Teaching old drugs new tricks

Thalidomide. If you studied chemistry to A level you will know that this is the name of a drug which was once prescribed as a sedative and to pregnant women to prevent morning sickness in the 1950s. It was, however, banned for use because of a property of thalidomide that was, at the time, overlooked – its stereochemistry (the way its atoms are arranged in 3D space).

The chemical structure of Thalidomide. For those unfamiliar with stick drawings, every corner is a carbon.

 

The image above shows thalidomide’s structure. The wiggly line between the carbon on the 6-membered ring and the nitrogen on the 5-membered ring indicates that there are two ways to arrange the molecule in 3D space, i.e. if the 5-membered ring is in the plane of your computer screen, the 6-membered ring could either be seen to be angled into or out of the screen. It was discovered that one of these arrangements was responsible for birth defects amongst children whose mother had taken the drug during pregnancy.

BUT it has recently been discovered that combining thalidomide with a yellow pigment from turmeric (curcumin) produces a molecule which can kill multiple myeloma cells – the second most common blood cancer! The curcumin section (which also shows anti-cancer properties) ensures that the thalidomide section doesn’t degrade in the body, and the thalidomide section makes the curcumin section more water soluble. The hybrid compound has higher toxicity against cancer cells than thalidomide or curcumin alone or any combination of the two.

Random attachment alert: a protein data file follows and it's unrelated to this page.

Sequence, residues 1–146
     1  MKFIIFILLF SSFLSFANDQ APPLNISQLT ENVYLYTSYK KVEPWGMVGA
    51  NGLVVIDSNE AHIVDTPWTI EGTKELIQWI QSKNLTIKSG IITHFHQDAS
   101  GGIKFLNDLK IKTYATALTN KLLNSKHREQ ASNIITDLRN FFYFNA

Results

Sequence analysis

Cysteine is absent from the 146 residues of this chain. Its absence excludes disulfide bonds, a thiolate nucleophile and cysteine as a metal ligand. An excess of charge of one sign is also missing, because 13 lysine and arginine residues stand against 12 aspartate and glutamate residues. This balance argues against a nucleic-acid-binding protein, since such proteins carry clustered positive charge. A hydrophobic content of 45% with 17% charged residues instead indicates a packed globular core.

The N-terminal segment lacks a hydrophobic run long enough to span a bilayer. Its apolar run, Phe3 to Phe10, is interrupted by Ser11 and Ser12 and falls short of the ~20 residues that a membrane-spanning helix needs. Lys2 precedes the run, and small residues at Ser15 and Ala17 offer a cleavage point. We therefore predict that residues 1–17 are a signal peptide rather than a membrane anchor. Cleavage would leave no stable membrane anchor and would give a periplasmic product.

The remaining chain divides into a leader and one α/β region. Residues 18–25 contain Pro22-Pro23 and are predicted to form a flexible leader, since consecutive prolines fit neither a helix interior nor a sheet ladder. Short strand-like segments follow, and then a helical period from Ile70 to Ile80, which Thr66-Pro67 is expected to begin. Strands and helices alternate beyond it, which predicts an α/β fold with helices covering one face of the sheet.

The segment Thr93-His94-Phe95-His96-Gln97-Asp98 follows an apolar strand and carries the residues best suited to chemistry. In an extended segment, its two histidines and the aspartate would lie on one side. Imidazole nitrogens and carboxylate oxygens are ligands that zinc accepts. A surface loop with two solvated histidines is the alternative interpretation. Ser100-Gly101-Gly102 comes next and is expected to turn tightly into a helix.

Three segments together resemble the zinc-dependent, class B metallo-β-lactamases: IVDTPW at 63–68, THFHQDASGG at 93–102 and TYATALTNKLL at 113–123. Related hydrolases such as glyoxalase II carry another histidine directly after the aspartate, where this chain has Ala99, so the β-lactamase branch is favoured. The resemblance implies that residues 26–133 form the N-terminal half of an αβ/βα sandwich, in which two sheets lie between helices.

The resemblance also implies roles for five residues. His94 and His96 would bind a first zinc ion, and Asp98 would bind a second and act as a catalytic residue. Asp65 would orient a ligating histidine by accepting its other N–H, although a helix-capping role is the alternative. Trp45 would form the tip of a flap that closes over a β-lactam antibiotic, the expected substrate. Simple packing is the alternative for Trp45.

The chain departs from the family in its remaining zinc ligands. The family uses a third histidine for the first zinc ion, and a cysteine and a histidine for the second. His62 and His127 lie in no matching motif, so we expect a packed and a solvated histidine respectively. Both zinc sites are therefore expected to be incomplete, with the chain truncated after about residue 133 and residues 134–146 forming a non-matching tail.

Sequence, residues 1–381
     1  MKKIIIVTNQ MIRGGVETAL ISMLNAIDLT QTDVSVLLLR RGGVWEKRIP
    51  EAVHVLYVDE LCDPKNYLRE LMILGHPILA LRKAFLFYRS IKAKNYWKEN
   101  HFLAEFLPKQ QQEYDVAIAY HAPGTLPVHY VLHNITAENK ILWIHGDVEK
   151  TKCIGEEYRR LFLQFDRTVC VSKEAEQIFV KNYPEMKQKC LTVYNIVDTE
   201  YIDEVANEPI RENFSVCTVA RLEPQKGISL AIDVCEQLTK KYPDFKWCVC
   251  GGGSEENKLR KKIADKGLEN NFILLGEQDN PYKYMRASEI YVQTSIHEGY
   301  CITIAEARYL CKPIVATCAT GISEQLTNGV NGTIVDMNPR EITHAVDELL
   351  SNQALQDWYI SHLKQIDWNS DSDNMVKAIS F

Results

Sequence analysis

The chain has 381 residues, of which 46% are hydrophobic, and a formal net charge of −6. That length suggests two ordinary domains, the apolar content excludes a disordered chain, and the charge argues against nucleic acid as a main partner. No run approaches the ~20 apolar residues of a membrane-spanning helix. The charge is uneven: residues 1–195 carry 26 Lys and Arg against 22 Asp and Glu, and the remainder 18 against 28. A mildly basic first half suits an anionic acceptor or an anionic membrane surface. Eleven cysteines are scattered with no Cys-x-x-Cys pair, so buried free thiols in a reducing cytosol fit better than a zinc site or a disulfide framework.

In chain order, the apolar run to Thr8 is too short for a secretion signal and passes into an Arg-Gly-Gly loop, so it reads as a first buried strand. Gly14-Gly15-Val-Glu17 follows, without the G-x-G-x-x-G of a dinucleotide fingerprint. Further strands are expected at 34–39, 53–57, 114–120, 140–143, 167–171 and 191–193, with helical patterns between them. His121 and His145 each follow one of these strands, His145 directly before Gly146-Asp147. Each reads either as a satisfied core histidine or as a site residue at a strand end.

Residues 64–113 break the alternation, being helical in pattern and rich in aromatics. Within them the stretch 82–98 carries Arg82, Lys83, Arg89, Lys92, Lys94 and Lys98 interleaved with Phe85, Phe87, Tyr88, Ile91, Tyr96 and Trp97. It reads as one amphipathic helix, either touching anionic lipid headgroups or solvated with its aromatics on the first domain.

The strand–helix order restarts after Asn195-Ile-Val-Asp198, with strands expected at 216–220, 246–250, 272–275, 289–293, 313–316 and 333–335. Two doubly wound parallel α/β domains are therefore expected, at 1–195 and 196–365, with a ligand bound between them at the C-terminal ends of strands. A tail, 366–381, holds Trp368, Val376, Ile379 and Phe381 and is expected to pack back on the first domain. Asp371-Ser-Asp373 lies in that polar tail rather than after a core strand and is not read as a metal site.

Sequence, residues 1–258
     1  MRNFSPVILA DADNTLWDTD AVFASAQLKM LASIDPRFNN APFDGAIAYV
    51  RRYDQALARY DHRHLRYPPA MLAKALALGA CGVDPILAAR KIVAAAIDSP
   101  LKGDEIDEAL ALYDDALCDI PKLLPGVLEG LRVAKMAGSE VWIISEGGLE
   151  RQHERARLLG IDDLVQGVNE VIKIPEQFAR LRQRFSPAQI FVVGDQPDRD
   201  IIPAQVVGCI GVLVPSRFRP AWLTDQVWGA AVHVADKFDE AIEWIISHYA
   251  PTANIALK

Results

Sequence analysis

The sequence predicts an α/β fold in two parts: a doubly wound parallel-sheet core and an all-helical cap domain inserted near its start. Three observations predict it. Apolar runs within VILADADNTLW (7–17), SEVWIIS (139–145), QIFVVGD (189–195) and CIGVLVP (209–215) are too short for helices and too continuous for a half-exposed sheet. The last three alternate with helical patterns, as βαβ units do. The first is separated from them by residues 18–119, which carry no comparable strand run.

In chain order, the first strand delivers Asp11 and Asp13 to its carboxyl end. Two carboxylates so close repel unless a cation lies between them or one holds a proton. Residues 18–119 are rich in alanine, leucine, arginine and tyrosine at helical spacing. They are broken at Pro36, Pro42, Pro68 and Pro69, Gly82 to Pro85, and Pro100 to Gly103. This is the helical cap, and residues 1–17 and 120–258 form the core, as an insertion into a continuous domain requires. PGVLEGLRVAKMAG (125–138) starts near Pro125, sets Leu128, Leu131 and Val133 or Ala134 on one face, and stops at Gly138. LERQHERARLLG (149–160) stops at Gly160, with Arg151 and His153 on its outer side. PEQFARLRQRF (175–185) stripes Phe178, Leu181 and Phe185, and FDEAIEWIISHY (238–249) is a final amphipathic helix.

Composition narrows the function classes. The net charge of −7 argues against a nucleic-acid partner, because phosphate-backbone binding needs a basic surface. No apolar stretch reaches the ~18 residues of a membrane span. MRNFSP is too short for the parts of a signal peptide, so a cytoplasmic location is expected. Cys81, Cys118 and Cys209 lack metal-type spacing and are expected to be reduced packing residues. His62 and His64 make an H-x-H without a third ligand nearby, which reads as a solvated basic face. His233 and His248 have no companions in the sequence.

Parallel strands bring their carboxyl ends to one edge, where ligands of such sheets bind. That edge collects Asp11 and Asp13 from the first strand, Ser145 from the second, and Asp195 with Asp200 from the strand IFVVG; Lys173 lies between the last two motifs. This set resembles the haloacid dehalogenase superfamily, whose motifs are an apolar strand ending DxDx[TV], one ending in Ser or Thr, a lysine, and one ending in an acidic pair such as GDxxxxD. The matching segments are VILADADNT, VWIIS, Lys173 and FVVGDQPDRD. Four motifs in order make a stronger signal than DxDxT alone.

The new hybrid compounds have not yet reached human clinical trials,  but have shown promising activity against myeloma and prostate cancer in animal models.

One of the cucumin-thalidomide hybrids which has shown promising anticancer results

Reference: Org. Biomol. Chem., 2013, 11, 4757-4763. DOI: 10.1039/C3OB40595H

For more of my chemistry based articles, here is a link to my personal blog: http://danthechemist.wordpress.com/

Dan Jenkinson

Final year chemistry student at the University of Sheffield, wanting to share my love for science with the world.

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